Wind power is booming, and shows no signs of letting up, which bodes well for our clean energy future, but it's not all moonlight and roses.
Even the cleanest renewable energy developments, such as wind energy, will have an impact on the environment, even after considering or offsetting the eco-footprint of manufacturing. Most of that impact will be seen and felt right at the point-of-use, through the effects that the turbines and infrastructure have on local wildlife and ecosystems.
But a new effort from the American Wind Wildlife Institute (AWWI) will help to minimize those effects, by collecting and analyzing decades of data from the wind industry and providing more accurate analysis of wind/wildlife impacts to industry, government, and wildlife advocates.
Once fully developed, AWWI's Research Information System (RIS) will be "the most comprehensive wind-wildlife data management tool available", and they believe that the reports and analyses generated with the RIS will be valuable across a wide spectrum of wind energy issues, influencing everything from siting of wind power projects to product design.
"The RIS will provide analysis with a high certainty of accuracy by including data from thousands of sites. For the first time, comprehensive and uniform data analysis will be compared across multiple regions and species in one database."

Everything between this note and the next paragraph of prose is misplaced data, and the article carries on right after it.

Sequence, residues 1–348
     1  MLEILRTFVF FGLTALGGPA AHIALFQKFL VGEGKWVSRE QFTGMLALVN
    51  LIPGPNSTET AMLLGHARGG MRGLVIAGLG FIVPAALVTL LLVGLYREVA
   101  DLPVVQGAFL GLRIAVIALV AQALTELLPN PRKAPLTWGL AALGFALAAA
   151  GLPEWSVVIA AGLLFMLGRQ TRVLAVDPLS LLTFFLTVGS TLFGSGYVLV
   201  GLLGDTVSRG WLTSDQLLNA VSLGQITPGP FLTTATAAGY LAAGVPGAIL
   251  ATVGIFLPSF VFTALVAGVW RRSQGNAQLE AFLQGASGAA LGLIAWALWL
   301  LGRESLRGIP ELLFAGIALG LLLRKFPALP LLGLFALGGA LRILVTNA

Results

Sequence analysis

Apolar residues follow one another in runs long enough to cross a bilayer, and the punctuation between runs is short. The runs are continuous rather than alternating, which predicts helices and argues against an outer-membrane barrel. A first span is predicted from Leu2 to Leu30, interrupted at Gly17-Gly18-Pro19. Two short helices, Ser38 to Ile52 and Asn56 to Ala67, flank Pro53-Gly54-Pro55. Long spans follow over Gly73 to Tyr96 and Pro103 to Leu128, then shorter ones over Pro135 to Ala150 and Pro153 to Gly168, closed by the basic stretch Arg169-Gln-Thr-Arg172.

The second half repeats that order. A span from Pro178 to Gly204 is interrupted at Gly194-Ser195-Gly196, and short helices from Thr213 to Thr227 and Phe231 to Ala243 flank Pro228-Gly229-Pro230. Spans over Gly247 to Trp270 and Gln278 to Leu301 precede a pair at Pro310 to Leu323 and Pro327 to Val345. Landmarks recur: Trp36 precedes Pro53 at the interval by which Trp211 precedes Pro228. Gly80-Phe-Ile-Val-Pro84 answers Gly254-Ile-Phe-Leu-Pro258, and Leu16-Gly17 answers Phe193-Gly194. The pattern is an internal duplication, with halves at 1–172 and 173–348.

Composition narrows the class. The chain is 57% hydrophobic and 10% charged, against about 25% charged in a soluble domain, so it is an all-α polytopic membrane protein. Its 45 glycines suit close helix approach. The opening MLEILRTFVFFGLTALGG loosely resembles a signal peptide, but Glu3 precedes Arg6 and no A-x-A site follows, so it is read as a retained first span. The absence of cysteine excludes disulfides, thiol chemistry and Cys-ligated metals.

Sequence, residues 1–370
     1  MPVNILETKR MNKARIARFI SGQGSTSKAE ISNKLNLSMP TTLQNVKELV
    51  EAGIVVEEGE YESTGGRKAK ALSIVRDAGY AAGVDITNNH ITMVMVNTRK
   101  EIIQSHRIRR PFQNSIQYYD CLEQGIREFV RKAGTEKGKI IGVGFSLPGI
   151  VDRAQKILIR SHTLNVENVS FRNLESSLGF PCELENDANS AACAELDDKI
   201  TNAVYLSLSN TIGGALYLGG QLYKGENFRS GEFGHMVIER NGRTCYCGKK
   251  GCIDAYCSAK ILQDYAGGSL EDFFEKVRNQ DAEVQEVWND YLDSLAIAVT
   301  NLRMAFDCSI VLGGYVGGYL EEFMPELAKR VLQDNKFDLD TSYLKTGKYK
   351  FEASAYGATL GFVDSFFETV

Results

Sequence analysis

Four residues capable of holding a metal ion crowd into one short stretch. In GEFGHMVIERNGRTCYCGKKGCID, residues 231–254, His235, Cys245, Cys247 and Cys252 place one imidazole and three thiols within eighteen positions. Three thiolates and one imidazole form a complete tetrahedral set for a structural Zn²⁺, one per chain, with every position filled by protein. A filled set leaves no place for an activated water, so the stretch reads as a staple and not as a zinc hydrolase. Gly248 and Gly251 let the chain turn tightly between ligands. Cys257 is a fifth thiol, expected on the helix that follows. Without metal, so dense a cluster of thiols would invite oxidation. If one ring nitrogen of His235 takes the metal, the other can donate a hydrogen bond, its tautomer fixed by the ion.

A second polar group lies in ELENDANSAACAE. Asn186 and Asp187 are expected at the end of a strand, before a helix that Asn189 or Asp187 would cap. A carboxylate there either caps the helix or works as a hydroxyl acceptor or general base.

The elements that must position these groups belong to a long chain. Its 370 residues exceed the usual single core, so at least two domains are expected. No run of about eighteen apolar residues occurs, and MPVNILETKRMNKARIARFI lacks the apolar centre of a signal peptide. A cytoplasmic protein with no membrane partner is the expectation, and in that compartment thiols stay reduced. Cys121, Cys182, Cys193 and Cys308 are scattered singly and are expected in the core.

- Abby Arnold, AWWI Executive Director
Oregon State University’s Northwest Alliance for Computational Science & Engineering (NACSE) is building the RIS for AWWI, and the prototype pilot, launched late in 2012, which now includes wildlife fatality data from post-construction assessments, is moving into phase two.
The aim for the next phase of development for the project is to begin approaching more wind energy companies to get them on board so that comprehensive data can be collected and analyzed. AWWI is also reviewing the data security functionality of the database, so that companies' proprietary data can be protected while still allowing other stakeholders and industry personnel to use it for their own analysis.
"Our priority is to build the confidence of wind industry data providers and show that by giving access to anonymous data, we can securely service the needs of wind developer companies, analysts, and regulatory agencies."
- Dr. Cherri Pancake, NACSE Director
Once the project is fully launched, independent analysts will be chosen to evaluate the data, which will be used for producing scientific reports and trend analysis for better decision-making in the wind energy sector. Among the questions that the RIS may help to shed light on are:
What is the overall avian and bat fatality rate at wind energy projects across the United States or by ecoregion, and what are fatality rates by species?
Is there a significant correlation between fatality levels of a first and second year of fatality monitoring at individual projects?
How do fatality rates compare among different fatality searching methods and different estimators, holding other variables as constant as possible?
The RIS project has the blessing of some big players in the industry, as the American Wind Energy Association (AWEA) passed a resolution in support of the project at a board meeting in 2011, and stated that the RIS is "an important step forward" in the use of decades of wind industry data, and that it will help to inform wind project siting decisions and help reduce wildlife and habitat impacts from installations.